|A really wonderful article on computational origami and Dr. David Huffman. Computational origami involves high topographical mathematics, which is cool; but some of the structures made by Dr. Huffman are just flabbergasting. Well worth a read. Reminds me of Dr. Tom Kuhn and yo-yos.|
Really, this article should be in "News of How Slimy Lobbyists Are". Florida, like a lot of states, has a part-time legislature. One of Florida's Representatives is employed by BellSouth, and recieved a call on the House floor pressuring him to vote opposite of what he was going to do, from BellSouth. Reportedly, he was near tears, and his fellow Representatives were outraged at the BellSouth VP/lobbyist's tactics.
How utterly slimy can you get.
Why are gambling systems more secure than voting systems? The article has some good points, not the least of which is the one we've seen in Georgia:
Manufacturers are intensively scrutinized before they are licensed to sell gambling software or hardware... When it comes to voting machine manufacturers, all a company needs to do to enter the field is persuade an election official to buy its equipment.
Georgia's Secretary Of State seems to have gotten a burr under her saddle about electronic voting, especially since she "updated" the whole state to this new system. I've read about various attempts from people in the state to convince the Secretary that her position was untenable -- most of which were met with silence.
Me, I'm voting by absentee ballot.
Every time I see a "largest-grossing" banner like this, I think, "Well, so what. Movie ticket prices have increased as the value of the dollar has decreased over time. The gross, therefore, will have to be larger, so it's another Meaningless Statistic(TM)."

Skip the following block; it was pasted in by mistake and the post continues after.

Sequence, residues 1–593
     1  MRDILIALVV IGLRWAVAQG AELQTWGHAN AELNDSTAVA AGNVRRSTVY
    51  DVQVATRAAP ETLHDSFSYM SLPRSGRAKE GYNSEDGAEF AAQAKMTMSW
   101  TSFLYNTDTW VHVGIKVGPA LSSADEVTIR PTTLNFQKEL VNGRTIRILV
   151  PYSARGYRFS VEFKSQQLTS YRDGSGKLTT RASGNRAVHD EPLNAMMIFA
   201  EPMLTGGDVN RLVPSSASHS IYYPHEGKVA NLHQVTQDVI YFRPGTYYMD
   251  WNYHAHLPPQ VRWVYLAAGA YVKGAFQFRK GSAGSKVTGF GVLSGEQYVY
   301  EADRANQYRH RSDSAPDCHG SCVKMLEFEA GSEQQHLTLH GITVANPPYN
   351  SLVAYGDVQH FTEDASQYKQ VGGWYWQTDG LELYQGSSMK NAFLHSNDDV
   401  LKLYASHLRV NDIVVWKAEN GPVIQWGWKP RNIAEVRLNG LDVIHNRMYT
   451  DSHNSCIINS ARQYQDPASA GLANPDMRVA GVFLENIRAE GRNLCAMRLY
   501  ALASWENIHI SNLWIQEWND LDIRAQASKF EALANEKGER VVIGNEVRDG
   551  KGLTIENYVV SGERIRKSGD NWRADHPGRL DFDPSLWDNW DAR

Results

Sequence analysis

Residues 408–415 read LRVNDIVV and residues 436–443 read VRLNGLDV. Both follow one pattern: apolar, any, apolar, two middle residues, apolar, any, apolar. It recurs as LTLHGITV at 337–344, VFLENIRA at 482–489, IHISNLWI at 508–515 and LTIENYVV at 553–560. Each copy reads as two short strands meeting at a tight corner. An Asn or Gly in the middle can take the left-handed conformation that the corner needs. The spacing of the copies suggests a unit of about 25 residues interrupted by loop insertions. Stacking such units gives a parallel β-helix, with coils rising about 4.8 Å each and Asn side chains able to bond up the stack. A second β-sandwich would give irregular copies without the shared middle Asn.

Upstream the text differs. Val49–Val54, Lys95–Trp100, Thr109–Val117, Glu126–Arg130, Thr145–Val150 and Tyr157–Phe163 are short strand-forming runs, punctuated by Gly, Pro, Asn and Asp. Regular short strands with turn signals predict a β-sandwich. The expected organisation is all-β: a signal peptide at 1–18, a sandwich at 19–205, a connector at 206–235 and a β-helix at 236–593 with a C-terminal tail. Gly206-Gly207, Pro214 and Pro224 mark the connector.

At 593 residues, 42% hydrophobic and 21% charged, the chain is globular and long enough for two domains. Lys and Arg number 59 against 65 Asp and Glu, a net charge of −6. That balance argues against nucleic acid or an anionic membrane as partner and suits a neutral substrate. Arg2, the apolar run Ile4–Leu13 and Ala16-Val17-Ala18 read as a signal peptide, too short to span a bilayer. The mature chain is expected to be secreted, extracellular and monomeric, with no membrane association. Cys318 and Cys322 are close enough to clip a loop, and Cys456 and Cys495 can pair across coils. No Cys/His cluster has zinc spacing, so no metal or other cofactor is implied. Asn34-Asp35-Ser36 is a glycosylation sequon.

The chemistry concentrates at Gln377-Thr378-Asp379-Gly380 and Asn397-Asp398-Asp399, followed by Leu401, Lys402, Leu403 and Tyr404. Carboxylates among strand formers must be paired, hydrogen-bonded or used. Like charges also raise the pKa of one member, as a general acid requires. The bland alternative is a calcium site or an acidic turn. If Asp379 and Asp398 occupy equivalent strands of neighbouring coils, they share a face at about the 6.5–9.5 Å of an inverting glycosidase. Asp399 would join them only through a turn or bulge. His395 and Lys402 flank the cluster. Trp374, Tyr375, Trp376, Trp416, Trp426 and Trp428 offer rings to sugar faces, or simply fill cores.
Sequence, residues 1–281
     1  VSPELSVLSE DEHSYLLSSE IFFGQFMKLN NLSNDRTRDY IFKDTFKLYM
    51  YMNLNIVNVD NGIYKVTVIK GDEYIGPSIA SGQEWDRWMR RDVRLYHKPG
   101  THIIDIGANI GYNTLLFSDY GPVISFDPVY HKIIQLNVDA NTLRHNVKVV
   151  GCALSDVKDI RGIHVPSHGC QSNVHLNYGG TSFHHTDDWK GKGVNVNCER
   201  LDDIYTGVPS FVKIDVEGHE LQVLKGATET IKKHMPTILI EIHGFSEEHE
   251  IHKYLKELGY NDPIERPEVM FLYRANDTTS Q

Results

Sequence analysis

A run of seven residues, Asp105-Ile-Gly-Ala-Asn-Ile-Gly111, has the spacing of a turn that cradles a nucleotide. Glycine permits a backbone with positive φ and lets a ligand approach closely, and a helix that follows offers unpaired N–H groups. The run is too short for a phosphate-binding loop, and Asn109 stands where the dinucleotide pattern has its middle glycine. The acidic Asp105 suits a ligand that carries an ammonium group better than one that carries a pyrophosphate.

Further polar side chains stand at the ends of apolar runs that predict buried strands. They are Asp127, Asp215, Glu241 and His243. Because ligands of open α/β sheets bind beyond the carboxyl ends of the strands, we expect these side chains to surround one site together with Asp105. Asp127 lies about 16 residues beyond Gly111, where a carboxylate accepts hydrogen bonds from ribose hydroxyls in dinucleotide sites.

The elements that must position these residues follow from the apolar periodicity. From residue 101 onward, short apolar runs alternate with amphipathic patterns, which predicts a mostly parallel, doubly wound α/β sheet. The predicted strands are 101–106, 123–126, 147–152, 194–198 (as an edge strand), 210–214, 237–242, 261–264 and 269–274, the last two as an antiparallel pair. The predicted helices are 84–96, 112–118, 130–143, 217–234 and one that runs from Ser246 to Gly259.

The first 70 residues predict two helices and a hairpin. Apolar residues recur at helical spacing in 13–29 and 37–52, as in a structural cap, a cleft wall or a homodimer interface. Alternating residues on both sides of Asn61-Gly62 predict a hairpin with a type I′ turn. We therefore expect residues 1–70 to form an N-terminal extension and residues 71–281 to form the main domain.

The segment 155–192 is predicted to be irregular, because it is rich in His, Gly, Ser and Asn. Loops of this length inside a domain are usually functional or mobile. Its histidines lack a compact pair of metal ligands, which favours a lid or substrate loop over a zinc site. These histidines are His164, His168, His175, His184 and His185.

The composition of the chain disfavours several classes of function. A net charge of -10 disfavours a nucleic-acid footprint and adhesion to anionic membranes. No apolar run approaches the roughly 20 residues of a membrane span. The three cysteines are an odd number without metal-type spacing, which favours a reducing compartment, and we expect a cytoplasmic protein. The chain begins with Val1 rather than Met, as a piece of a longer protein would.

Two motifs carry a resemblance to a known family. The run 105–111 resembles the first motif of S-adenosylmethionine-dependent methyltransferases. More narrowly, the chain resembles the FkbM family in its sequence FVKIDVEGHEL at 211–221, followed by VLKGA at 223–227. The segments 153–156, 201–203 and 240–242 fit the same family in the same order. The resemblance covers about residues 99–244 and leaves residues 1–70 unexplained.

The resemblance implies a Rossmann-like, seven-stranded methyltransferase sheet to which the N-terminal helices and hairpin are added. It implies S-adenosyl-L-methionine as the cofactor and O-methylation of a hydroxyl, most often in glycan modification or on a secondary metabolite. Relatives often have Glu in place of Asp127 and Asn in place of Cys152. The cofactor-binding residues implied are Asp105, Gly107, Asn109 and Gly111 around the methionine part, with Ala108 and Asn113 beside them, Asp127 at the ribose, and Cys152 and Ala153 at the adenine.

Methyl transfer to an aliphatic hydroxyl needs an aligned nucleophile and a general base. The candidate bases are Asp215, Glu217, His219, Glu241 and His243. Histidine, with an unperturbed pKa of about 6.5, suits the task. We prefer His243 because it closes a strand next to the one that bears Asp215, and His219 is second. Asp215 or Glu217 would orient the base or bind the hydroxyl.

But it's not like you can't measure the number of tickets sold. I mean, each box office will count the number of sold tickets, just for it's own sake. So why not measure the "best film" by number of tickets sold?
Granted, there's more theaters now than there were 10, 20, or 50 years ago -- but there's also more people in the US. If you're really a fanatic, get number of tickets divided by population at the time. That's at least more objective than comparing a movie that made $1 million in 1950, and a movie that made $100 million in 2000.
Any Ihnatko has *not* published a Republican National Convention Drinking Game. He just happens to have put up... let's say, a set of advisory conditions under which you would be advised to imbibe alcohol, most of which would occur during a large gathering of people particularly enthused with Ronald Reagan.
Although if it *were* such a drinking game, it would be an excellent beginning.
This is just stupid now... how in the hell do you take in only *part* of a year, when doing a yearly assessment of something?
Among the mistakes, Mr. Boucher said, was that only part of 2003 was taken into account.
Well, it seems our president does admire Reagan; Bush is taking a cue from his predecessor's playbook:
Asked whether he has seen the memos, Bush replied, "I can't remember if I've seen the memo or not." But he reiterated that he had instructed that the treatment of terror suspects stay within U.S. and international laws.
So, if you can't remember it, you're safe.
If you can change the rules any time you like them, you've got all the power you want.
Case in point:
Last week a British reporter was detained by immigration officials ... she didn't know that a decades-old unenforced rule was suddenly being enforced ... There has been a rule on the books since 1952 requiring foreign journalists to obtain special "I visas," but foreign journalists say it was invariably ignored by [INS] officials who required only that citizens of friendly countries apply for a visa waiver...